This marks the second straight year that the Virginia Democrat has sought to attach a measure requiring congressional approval for new federal job classifications to the National Defense Authorization Act.
Sen. Tim Kaine, D-Va., on Friday announced that he once again has sought to secure a vote in Congress on proposals to prevent a president from unilaterally stripping the civil service protections of tens of thousands of federal workers by filing an amendment to the annual defense policy bill.
In October 2020, then-President Trump signed an executive order establishing a new job category in the excepted service for federal workers in policy-related positions called Schedule F and tasked agencies with finding career employees to transfer to the new classification, stripping them of the vast majority of their civil service protections and making it much easier to hire and fire them. Although a few agencies had gotten close to implementing the edict, ultimately no employees were reclassified before President Biden took office and quickly rescinded the initiative.
Although the issue has lain dormant since then, last year conservative activists and ex-Trump administration staffers revealed that they have continued to work on Schedule F in an effort to have it ready for the next Republican president to implement shortly after taking office. The plan’s proponents have gone so far as to identify up to 50,000 current federal workers to transfer to the new job category and threaten with termination immediately upon its reinstatement.
Kaine on Friday announced that he filed an amendment to the Senate version fiscal 2024 National Defense Authorization Act that would attach the Saving the Civil Service Act to the annual must-pass bill. The measure bars the president from creating any new job classifications within the excepted service aside from the five that existed in September 2020, effectively requiring the president to seek congressional approval to add new job categories.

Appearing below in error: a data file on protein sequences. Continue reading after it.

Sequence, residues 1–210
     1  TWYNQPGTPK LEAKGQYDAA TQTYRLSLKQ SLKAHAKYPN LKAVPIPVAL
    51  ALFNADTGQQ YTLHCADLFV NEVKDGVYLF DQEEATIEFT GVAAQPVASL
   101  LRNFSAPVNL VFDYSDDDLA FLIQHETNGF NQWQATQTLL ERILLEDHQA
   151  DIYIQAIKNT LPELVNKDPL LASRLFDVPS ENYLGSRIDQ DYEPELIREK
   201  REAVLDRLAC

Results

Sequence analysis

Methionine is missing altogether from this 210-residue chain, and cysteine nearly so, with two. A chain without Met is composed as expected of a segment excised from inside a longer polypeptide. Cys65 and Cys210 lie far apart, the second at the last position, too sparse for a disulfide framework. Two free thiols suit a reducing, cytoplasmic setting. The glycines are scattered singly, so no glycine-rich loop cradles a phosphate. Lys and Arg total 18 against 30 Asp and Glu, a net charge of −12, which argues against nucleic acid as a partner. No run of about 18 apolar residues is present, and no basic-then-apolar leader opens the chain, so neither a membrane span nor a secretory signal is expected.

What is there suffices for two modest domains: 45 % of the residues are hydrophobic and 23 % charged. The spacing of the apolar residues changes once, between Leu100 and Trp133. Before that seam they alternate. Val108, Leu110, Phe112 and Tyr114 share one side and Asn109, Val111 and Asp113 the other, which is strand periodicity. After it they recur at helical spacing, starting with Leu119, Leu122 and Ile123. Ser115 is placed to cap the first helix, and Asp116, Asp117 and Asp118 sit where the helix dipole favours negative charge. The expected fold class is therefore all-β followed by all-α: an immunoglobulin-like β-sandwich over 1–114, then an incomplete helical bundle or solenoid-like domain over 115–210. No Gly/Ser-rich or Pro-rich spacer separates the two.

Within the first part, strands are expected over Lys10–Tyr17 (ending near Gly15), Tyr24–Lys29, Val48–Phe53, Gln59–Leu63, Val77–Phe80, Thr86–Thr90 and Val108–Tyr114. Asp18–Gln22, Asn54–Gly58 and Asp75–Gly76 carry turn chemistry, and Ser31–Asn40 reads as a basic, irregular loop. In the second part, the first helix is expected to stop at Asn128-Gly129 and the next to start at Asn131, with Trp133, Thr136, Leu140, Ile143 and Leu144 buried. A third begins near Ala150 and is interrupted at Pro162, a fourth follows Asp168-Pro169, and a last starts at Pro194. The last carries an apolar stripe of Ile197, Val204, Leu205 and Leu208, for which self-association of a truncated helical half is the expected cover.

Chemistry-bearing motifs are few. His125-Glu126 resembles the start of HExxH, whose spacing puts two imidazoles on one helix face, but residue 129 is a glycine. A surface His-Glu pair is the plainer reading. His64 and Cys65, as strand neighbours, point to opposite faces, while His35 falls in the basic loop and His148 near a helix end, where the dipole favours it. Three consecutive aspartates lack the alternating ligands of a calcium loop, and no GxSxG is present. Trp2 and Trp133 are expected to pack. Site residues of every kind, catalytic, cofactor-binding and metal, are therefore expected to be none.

Kaine’s bill also would create new restrictions on how federal jobs can be reclassified under the current system, barring the reclassifications of positions currently held by a federal employee out of the competitive service or other excepted service categories into Schedule C, the government’s primary cadre of political appointees, without the approval of the director of the Office of Personnel Management. And agencies would be limited to reclassifying 1% of their workforces or five employees—whichever is more—out of the competitive service or across excepted service categories over the course of a four-year presidential term. Employees proposed for reclassification also would need to consent to the change.
“Our federal workers work tirelessly to deliver results for the American people and keep us safe,” Kaine said in a statement. “My amendment is critical to helping ensure federal workers—including key national security personnel—are hired based on their qualifications, not their politics.”
Kaine attempted to attach the anti-Schedule F legislation to the NDAA last year, although he ultimately was not able to secure a floor vote on the initiative, in part due to the sheer number of amendments lawmakers propose for the bill each year. Leaders of the House Armed Services Committee this week bemoaned the defense policy bill’s penchant for becoming a Christmas tree of nondefense-related policy measures in recent years, though they acknowledged the difficulty of reversing that trend.
Since last year, Florida Gov. Ron DeSantis became the second Republican presidential candidate to endorse reviving Schedule F, and in April, a coalition of conservative think tanks led by the Heritage Foundation called for the reinstatement of Schedule F while launching a recruitment drive for up to 20,000 potential political appointees to join the next Republican administration, considerably more than the roughly 4,000 political appointments currently available in the federal government.
But the prospects for anti-Schedule F legislation being enacted into law are even more uncertain than they were a year ago, with the House now under Republican control and as Speaker Kevin McCarthy struggles to maintain the coalition between mainstream GOP members and the House Freedom Caucus.
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